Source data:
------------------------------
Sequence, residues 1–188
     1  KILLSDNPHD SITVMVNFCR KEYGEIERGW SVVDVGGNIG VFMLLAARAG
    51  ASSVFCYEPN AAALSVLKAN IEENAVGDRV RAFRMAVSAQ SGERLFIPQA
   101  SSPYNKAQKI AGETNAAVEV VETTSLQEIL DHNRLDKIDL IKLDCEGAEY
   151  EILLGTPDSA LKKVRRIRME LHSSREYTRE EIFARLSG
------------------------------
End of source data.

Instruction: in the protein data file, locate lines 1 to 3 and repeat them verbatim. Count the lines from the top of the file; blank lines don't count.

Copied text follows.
Sequence, residues 1–188
     1  KILLSDNPHD SITVMVNFCR KEYGEIERGW SVVDVGGNIG VFMLLAARAG
    51  ASSVFCYEPN AAALSVLKAN IEENAVGDRV RAFRMAVSAQ SGERLFIPQA